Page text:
Germany-based company Hamos supplies a sorting line for plastics reclaimers looking to sort black plastics from other black plastics in those end-of-life devices.
The system is capable of removing a variety of contaminants, including rubber, wood, silicone, dirt and more, while also recovering separate black PS and black ABS stream, according to Hamos.
“Even completely black-colored fractions can be separated at the lowest sorting costs with purities of PS and ABS of better (than) 98.5 percent, something that other separation systems cannot do,” said Rainer Koehnlechner, managing director of Hamos.
The first step in Hamos’ full separation line involves pretreatment of the material, which includes screening by size, de-dusting, removal of heavy materials and the elimination of metals.
After that, float-sink techniques are used. Using a salt solution, the tank is able to sink plastics containing flame retardants to the bottom for removal, while allowing non-flame retardant PE, PS, ABS and PP/PP20 (polypropylene 20 percent talc-filled) to float. Then, using the float-sink process with freshwater, PE and PP float while PS, ABS and PP20 sink to the bottom.
The final pre-treatment step involves granulation, reducing plastics to less than 10 millimeters in size, and drying of material. The equipment will dry plastics but leave wood wet, which aids in removal of wood in the next step: electrostatic separation targeted at plastics.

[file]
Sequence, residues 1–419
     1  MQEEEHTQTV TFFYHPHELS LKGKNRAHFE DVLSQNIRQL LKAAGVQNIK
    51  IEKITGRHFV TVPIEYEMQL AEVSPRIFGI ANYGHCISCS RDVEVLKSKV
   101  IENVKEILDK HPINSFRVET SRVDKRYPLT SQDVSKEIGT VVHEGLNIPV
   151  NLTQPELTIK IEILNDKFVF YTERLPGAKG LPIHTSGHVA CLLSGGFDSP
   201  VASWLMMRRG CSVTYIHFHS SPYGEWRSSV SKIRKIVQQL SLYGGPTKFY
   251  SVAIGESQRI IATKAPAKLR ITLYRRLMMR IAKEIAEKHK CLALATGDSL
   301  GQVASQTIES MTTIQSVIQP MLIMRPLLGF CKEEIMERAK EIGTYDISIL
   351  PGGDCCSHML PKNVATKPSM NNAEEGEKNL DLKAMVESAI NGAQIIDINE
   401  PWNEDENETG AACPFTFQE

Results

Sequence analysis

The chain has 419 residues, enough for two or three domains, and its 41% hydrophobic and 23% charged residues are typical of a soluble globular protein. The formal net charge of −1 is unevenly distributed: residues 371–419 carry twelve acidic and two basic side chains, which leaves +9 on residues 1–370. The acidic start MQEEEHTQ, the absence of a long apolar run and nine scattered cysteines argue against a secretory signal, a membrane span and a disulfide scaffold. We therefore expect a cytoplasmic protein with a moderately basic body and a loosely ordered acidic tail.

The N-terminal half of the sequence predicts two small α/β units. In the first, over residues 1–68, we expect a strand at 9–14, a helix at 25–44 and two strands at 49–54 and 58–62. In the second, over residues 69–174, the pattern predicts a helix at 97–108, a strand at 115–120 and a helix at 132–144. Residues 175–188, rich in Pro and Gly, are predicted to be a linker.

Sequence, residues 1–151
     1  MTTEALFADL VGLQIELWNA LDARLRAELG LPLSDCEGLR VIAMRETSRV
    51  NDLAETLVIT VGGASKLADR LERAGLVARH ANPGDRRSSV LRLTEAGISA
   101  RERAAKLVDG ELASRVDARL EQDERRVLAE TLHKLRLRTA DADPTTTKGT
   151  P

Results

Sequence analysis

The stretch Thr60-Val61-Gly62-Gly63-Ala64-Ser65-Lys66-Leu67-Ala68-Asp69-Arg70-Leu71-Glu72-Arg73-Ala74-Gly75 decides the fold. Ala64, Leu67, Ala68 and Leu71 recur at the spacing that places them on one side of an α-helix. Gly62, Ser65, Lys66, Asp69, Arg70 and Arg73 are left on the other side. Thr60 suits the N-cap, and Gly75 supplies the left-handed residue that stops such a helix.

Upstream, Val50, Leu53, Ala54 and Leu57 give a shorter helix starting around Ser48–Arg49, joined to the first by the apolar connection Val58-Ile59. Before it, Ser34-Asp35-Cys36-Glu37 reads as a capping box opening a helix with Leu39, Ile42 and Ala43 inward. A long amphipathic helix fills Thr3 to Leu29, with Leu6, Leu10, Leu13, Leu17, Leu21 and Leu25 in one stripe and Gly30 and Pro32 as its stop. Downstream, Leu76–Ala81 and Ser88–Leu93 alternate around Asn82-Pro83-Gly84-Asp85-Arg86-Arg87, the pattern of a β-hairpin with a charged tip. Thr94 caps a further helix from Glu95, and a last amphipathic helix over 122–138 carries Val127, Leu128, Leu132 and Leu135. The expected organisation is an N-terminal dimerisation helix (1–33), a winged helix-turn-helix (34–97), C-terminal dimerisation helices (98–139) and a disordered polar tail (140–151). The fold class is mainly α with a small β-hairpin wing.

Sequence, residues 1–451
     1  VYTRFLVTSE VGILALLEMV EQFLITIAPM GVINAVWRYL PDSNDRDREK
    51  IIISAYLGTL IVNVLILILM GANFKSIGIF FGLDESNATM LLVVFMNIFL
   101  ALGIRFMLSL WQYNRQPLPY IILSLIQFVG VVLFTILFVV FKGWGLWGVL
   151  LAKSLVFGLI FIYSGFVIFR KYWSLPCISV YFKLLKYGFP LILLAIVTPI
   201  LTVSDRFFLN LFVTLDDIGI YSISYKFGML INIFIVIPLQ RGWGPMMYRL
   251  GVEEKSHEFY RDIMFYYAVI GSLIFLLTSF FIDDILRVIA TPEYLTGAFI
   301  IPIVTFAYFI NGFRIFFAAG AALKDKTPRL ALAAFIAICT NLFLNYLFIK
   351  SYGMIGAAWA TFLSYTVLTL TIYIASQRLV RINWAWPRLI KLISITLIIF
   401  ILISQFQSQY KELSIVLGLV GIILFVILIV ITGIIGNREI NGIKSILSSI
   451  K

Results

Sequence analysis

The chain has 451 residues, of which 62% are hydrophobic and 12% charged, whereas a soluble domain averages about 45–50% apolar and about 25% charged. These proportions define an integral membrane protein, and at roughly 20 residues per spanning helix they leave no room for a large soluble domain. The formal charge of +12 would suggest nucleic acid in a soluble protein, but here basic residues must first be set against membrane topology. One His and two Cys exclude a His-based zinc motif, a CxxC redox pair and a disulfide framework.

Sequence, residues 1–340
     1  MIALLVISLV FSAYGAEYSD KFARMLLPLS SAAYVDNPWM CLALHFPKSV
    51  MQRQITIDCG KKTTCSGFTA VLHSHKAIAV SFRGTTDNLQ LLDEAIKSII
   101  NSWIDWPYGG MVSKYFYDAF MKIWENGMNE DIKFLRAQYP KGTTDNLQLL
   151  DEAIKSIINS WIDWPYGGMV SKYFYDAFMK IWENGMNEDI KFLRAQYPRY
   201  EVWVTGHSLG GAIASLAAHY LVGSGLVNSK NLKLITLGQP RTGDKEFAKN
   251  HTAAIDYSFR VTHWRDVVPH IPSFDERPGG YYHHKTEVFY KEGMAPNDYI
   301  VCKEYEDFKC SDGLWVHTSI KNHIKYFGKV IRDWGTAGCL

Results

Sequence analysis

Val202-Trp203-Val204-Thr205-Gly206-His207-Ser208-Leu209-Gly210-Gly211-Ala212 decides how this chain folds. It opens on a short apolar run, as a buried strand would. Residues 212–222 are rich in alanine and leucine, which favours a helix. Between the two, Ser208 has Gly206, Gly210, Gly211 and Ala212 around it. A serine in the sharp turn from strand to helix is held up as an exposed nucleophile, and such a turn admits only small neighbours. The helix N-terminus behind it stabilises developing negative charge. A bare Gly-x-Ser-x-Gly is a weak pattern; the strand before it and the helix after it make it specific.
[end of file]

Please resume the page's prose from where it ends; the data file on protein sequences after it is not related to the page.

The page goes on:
Each of the company’s EKS electrostatic separators can sort up to 1,650 pound per hour of material, separating black plastics from other black plastics. Via the use of triboelectric charging, the equipment can separate PS from ABS and PP20. According to Hamos, it can achieve purities of 98.5 percent in the resulting PS stream and 99 percent in ABS stream.
The company says the sorting technologies can be used to recover plastics from a printer or a toner cartridge, for example. The e-plastics would go through the line, generating streams of PS and ABS regrind that can then be extruded and compounded and sold back to an electronics manufacturer for use in new products. The use of recycled content helps the manufacturer qualify for EPEAT ratings, a recognition of a product’s comparably lighter environmental impact. That, in turn, helps them sell products.
The company is using its technology in a demonstration plant in Germany. That plant is run by Hamos’ sister company, Wersag, which reclaims and sells PS, ABS and PP regrind from end-of-life electronics and appliances streams.
He noted other potential separation applications for the EKS electrostatic separators. For example, he said it would be used to eliminate PVC from PET flakes in post-consumer bottle recycling, or it can separate polyolefin mixtures into clean streams of HDPE and PP.
Koehnlechner said Hamos can provide full e-plastics lines or single EKS electrostatic separators.